U.S. Instructs BP to Reopen Gulf Well, Capture Oil After Concluding Tests
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BP Plc was ordered by U.S. officials to open its sealed Macondo gusher in the Gulf of Mexico and resume capturing the escaping oil after it concludes tests on the well.
BP, based in London, stopped the flow of oil and began testing on July 15 to look for damage. After reviewing more than two days of data, BP found no evidence of hidden leaks, Kent Wells, BP’s senior vice president for exploration and production, said on a conference call with reporters yesterday.
National Incident Commander Thad Allen ordered the London- based company yesterday to do at least another 24 hours of monitoring, including additional seismic mapping intended to detect oil leaking from the seafloor.
“The test has provided us with valuable information which will inform the procedure to kill the well and a better understanding of options for temporary shut-in during a hurricane,” Allen said in an e-mailed statement.
Relief wells that BP is drilling to plug the leak with mud and cement next month remain the “ultimate step” in stopping the spill, Allen said. BP plans to finish drilling the first relief well this month and kill the gusher by mid-August.
BP had been considering whether the positive test results would allow it to keep the well sealed, stopping the flow of oil until the leak could be permanently plugged. Allen has said consistently that it was “likely” the government would choose to use BP’s new, tighter-fitting cap to resume capturing oil after the tests.
More Oil Spilling
While the company eventually plans to reach collection capacity of 80,000 barrels a day, more than the estimated size of the leak, reopening the well would lead to some oil escaping to the sea before the vessels are connected, Wells said yesterday.
“Thad Allen wants to do containment because they want to find out what the real flow rate was,” Don Van Nieuwenhuise, director of Petroleum Geoscience Programs at the University of Houston, said in an interview yesterday. “Unless they do something like that, they’ll almost never be able to prove what the true flow rate was.”
More than 48 hours of data from pressure tests, seismic surveys and temperature gauges indicate the structural integrity of the well may be intact and the amount of oil in the reservoir is being depleted after three months of flowing into the Gulf of Mexico, Wells said.
“We feel more comfortable that we have integrity,” Wells said. “We have a tremendous amount of monitoring going on, and we’re very much focused on making sure that this test is run perfectly. We’re watching every piece of data.”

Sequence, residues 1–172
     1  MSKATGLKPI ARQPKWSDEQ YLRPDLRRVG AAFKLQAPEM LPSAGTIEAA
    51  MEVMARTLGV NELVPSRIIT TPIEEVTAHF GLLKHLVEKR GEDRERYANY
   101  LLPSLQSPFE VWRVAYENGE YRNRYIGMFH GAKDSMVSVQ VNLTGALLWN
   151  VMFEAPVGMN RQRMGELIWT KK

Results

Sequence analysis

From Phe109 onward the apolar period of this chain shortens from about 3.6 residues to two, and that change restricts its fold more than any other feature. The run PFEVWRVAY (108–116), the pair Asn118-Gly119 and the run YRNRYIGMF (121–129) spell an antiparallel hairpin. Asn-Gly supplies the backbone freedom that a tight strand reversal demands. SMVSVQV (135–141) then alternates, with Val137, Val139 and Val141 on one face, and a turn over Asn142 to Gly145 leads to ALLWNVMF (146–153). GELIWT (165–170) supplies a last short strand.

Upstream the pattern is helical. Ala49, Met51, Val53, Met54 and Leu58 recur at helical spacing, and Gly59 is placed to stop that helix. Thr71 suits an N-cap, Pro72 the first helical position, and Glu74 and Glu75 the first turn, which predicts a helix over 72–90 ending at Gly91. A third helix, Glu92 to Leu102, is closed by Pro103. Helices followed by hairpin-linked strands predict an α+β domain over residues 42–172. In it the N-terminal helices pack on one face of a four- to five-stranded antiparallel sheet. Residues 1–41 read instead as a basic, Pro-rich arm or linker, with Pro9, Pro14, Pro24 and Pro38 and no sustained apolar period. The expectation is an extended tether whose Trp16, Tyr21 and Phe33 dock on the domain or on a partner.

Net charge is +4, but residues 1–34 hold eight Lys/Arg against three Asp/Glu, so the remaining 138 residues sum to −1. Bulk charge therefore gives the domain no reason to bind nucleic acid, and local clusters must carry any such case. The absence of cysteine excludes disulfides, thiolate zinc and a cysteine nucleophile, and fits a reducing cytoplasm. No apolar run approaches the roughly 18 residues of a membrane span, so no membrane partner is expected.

Pressure inside the well rose slowly to 6,745 pounds per square inch yesterday from 6,700 pounds per square inch at the start of the day Friday, an encouraging sign that the inside of the well may have escaped damage following an April 20 explosion aboard the Deepwater Horizon drilling rig, Wells said.
The current pressure is a little lower than the 7,500 pounds per square inch BP initially said would give it confidence to declare the well sound.
The Macondo well has produced the biggest oil spill in U.S. history, spewing 35,000 to 60,000 barrels of oil a day into the Gulf, according to a U.S. government-led panel of scientists.
Allowing oil to flow from the well will make the final kill procedure easier and safer, as it will lower the pressure in the reservoir and make any potential hidden leaks less risky, Van Nieuwenhuise said.
“They’re moving in a very careful and deliberate direction,” he said.
BP halted its dividends to shareholders, trimmed capital spending and said it would sell $10 billion of assets over the next year to help pay for damage caused by the spill. The company also agreed under pressure from President Barack Obama to establish a $20 billion escrow fund to compensate victims of the spill.
With the well under control, Europe’s largest oil producer may look to change leadership as it starts rebuilding its reputation, management experts, industry analysts and investors said.
Macondo well manager, Donald Vidrine, is scheduled to testify next week at government hearings in Louisiana that are investigating the cause of the disaster. Hours before the explosion, Vidrine overruled objections from representatives of rig owner Transocean about how to finish the well, Douglas Brown, the chief mechanic on the vessel, told the joint investigation panel in May. He’s scheduled to appear July 20.
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